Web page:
Health care worker's gloved hands hold TCV vial. Credit: Susan Nimarota Brown

Amidst a global pandemic, Samoa rolls out TCV and other new vaccines

The year 2020 was going to be the year of immunizations in Samoa.

A mass measles vaccination campaign halted the deadly 2019 measles crisis that shook the small island nation of Samoa to its core. Shortly thereafter, in early 2020, the Government of Samoa doubled down on its commitment to protect its citizens through increased funding and new legislation mandating immunizations for all infants and school-aged children.

At the same time, the Samoa Typhoid Fever Control Program (STFCP) led by Leausa Dr. Take Naseri of the Samoa Ministry of Health (MoH) with Dr. Myron M. Levine of the University of Maryland School of Medicine’s Center for Vaccine Development and Global Health, was preparing to initiate mass vaccinations of Typbar TCV® typhoid conjugate vaccine (Bharat Biotech) during World Immunization Week, April 2020. In addition to TCV, Samoa’s Expanded Programme on Immunization (EPI) was working closely with the World Health Organization and UNICEF to expand coverage of pentavalent vaccine (diphtheria, pertussis, tetanus, hepatitis B, and Hib); measles, mumps, rubella (MMR) vaccine; and introduce two new vaccines, rotavirus and human papillomavirus.

On March 20, 2020, in response to the threat of the COVID-19 pandemic, the Government of Samoa declared a State of Emergency to try and protect Samoa from COVID-19. Schools were shuttered, gatherings banned, ferries docked, and most importantly, the borders were sealed. During the ensuing months, with no importation of COVID-19, internal restrictions were gradually eased, but strict border closures are ongoing. Only occasional government-approved repatriation flights are permitted to land and passengers are quarantined for 14 days.

These drastic measures effectively preserved this island nation from the potential throes of a COVID-19 medical crisis. Samoa proudly reports zero indigenous cases of COVID-19 and is one of the few countries in the entire world that has not experienced an outbreak. These isolating restrictions created a “safe bubble” in which the Samoan people and their leaders could revisit their 2020 immunization goals, and they are doing exactly that. The first shipment of COVID-19 vaccines arrived in April 2021. Of late, COVID-19 immunizations have been rising steadily across the country.

TCV is delivered to a warehouse in Samoa ahead of introduction. Photo: Jane Han

August 17, 2021 marks a monumental day in Samoa as the first day of the STFCP “Attack Phase” that includes a mass vaccination campaign of a single dose of TCV to all Samoans aged 1-45 years.* This day is also significant as Samoa became the first country not supported by Gavi, the Vaccine Alliance to introduce TCV into their EPI, providing this life-saving vaccine to Samoan children.

The pathway to achieve this great milestone was years in the making. Three years of strengthened microbiological laboratory capacity and typhoid surveillance for all acute cases and suspect asymptomatic carriers of typhoid fever (the “Preparatory Phase,” managed by MoH Principals Siaosi Tupua and Susana Nimarota-Brown) produced a clear picture of the burden of disease by person, place, and time.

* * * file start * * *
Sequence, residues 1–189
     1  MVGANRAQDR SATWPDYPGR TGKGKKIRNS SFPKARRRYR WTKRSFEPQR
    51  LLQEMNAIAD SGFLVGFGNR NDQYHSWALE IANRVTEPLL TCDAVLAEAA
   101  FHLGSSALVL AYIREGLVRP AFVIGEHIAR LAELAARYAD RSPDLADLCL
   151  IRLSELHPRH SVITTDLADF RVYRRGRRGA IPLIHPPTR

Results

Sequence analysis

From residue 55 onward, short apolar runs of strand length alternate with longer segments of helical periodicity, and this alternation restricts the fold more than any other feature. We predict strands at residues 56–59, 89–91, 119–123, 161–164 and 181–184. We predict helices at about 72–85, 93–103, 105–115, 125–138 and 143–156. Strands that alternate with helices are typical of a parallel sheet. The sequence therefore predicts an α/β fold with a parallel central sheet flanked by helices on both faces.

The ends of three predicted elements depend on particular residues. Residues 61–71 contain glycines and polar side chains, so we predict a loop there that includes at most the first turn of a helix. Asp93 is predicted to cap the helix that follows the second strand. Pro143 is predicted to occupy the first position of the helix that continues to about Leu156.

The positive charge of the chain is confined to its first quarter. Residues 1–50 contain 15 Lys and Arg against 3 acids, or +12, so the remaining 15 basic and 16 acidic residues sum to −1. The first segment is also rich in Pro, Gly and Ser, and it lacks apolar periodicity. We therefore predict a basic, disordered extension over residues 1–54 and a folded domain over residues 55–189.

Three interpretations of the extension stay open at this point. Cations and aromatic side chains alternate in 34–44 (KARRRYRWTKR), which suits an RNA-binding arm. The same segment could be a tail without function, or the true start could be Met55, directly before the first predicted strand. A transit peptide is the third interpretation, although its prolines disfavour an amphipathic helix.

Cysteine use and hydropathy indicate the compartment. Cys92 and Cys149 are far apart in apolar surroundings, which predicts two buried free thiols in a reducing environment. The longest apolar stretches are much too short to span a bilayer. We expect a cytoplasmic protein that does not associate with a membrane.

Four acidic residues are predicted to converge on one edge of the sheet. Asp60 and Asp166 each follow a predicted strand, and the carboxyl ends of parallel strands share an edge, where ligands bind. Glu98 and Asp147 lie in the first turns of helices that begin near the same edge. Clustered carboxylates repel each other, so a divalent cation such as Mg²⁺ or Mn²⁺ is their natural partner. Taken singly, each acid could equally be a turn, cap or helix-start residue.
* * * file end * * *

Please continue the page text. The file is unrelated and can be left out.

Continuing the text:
Ten teams organized and led by the MoH EPI coordinator, Teuila Pati, and the Deputy Director of Public Health of the MoH, Tagaloa Dr. Robert Thomsen, began the campaign at schools in Apia, an urban center with the highest burden of disease. School-aged children with parental approval can receive a single dose of TCV and age-eligible family members are invited to come in for their shot. The campaign will then expand to all eligible adults and shift towards the Northwest Upolu region where there is a very high burden of disease. Next will be Savaii and the rest of Upolu, where outbreaks are intermittent but still substantial.

TCV is a safe, well-tolerated, and highly effective single-dose vaccine that has been demonstrated in Pakistan, Nepal, Bangladesh, India, Malawi, Liberia, and Zimbabwe. Notable challenges must be overcome to reach the isolated villages and homesteads in the rural areas of Samoa. The Samoan EPI and MoH are committed to taking the necessary steps to ensure the targeted population is vaccinated. If a high level of vaccination coverage with TCV can be achieved, this intervention could dramatically alter the Samoan population’s susceptibility to typhoid fever, resulting in a decline in acute typhoid cases.

Such a decline will pave the way for the third and final “Consolidation Phase” of the STFCP. This phase will include a careful search for, and treatment of, all chronic carriers (the long-term reservoir of infection) and routine TCV immunization of children at 12 months of age alongside MMR for at least the next decade.

In the words of Dr. Levine and Dr. Naseri, the architects of the STFCP, “We are looking forward to, and working towards, a sunset on typhoid fever in Samoa.”

Dr. Myron Levine, Dr. Take Naseri, and blog author Michael Sikorski pose for the camera in Samoa.


*Samoa did not receive funding from Gavi, the Vaccine Alliance for TCV introduction; therefore, there are no age restrictions or limitations to only introduce TCV into routine immunization schedules.